Humira is the best-selling prescription drug in the world. You may have seen the commercials.
Because of Humira, a woman with rheumatoid arthritis can wash her puppy in the bathtub, another with colitis can stroll happily through a fair packed with food vendors, while a third suffering from psoriasis can go to the gym without hiding her neck.
But they probably wouldn’t all look so relieved if they saw the bill. The price of Humira, an anti-inflammatory drug dispensed in an injectable pen, has risen from about $19,000 a year in 2012, to more than $38,000 today, per patient, after rebates, according to SSR Health, a research firm. That’s an increase of 100 percent.
Pharma bosses probably miss Martin Shkreli, the reigning villain of the industry. If you’ll recall, Mr. Shkreli, as chief executive of Turing Pharmaceuticals, acquired Daraprim, a drug used to fight infections in AIDS patients, and then raised the price overnight to $750 a pill from $13.50. He also trolled critics and spent $2 million on a one-of-a-kind Wu Tang Clan album, before his conviction on three securities fraud charges last year.
For a time, Mr. Shkreli’s antics, along with the soaring price of EpiPens, sold by Mylan, deflected attention from the rest of the industry. A more typical play for drug companies — the Humira play — is to start at a high price and keep raising it ever higher, but incrementally.
“What they have done with Humira is just as unfair, just as morally wrong, but they did it over five years,” said Ben Wakana, a former Obama administration spokesman who became executive director of Patients for Affordable Drugs, an advocacy group, because his younger brother couldn’t afford Humira without the financial support of their parents.
“People are skipping doses, people are rationing, people are going into bankruptcy because of this drug,” he said in an interview, arguing that Humira is both more expensive per dose and has a far higher volume than Daraprim.
AbbVie, which was spun off from Abbott Laboratories in 2013, declined to comment.
How much you actually pay out of pocket, and whether you can afford Humira at all, depend on your insurance and eligibility for discounts.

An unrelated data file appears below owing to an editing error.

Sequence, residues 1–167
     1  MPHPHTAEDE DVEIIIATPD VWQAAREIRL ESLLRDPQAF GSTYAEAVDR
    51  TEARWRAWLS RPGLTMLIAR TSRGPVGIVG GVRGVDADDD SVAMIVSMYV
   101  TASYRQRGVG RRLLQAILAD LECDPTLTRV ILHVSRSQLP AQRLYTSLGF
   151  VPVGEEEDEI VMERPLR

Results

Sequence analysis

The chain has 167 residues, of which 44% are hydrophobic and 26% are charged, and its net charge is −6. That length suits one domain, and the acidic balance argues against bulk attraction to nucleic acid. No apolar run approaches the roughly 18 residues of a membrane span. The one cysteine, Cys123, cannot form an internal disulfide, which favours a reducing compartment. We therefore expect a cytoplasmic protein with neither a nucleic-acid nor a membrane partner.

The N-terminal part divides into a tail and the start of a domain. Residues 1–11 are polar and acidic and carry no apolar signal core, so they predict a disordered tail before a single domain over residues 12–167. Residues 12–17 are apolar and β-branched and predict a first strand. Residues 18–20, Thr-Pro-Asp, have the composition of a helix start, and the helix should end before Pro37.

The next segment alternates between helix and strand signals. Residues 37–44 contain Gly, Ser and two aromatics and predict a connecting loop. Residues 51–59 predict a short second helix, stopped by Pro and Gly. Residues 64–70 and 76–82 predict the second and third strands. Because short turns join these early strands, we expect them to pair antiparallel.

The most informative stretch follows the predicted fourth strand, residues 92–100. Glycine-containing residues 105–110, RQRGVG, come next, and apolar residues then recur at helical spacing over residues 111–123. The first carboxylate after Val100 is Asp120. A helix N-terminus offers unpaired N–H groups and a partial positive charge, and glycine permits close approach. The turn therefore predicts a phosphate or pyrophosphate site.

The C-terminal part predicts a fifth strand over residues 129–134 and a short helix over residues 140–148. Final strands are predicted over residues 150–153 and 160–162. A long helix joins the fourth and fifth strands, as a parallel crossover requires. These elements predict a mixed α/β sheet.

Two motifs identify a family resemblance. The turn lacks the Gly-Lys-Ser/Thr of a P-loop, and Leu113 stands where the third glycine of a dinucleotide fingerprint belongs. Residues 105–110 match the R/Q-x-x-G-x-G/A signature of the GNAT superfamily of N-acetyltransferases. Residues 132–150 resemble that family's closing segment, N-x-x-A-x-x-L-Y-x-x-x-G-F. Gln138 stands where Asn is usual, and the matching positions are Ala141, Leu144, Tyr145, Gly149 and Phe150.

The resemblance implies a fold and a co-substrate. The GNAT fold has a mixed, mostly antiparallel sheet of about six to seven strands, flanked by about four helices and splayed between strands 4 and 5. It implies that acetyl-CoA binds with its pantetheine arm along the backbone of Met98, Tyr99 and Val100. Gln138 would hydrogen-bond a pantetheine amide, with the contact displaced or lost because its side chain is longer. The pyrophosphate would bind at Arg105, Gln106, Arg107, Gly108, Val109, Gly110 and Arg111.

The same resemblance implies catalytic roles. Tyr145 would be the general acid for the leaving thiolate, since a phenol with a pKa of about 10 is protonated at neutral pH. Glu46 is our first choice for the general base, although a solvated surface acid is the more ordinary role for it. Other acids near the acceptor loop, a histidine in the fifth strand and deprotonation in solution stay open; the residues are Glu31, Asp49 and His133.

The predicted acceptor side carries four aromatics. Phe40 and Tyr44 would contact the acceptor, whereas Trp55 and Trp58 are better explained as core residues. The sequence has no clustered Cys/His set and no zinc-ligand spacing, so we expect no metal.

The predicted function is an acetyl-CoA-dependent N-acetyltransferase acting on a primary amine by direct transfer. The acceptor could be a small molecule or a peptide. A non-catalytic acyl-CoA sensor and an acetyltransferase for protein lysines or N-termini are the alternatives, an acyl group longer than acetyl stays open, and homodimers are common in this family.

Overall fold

Anne Marie Garza, 51, an administrative assistant in Houston who suffers from colitis and Crohn’s disease, said she had held off buying her latest dose because her insurer had changed. She was trying to see if she could avoid an out-of-pocket payment of more than $1,200, one of two she would have to make this year, on top of her rising expenses for vitamins and supplements to manage the disease. She has relatively good insurance, but the payments will strain her budget.
“During the holidays, I was contemplating what am I’m going to do,” she said. “I was thinking should I just go on a liquid diet, because I can’t afford this.”
It’s a difficult choice.
“It does give you your life back,” she said of the drug. “I literally couldn’t go away from the house or very far from a bathroom, 20, 25 times in the bathroom all day long, I can’t imagine living like that,” she said, adding, “I was becoming a hermit because I was so sick.”
Humira, which accounted for nearly two-thirds of AbbVie’s $25.6 billion in revenue in 2016, was not simple to develop. It is among a new class of drugs known as biologics, which are made from living cells rather than synthetic chemicals. The industry has argued that high American prices are needed to fund drug development, but a 2016 study published by the Journal of the American Medical Association found “no evidence of an association between research and development costs and prices; rather, prescription drugs are priced in the United States primarily on the basis of what the market will bear.”
Competitive pressures have been muted. Copies of biologic drugs, known as biosimilars, are not as easy to produce as normal generic drugs, and AbbVie’s aggressive patent strategy has allowed it to further push off rivals. While there are name brand competitors to Humira, they are not exactly alike, complicating efforts by doctors or insurers to switch a patient from one drug to another.
Looking at the international picture tells its own story about drug costs. A prefilled carton with two syringes costs $2,669 in the United States, compared with $1,362 in Britain, $822 in Switzerland and $552 in South Africa, according to a 2015 report from the International Federation of Health Plans.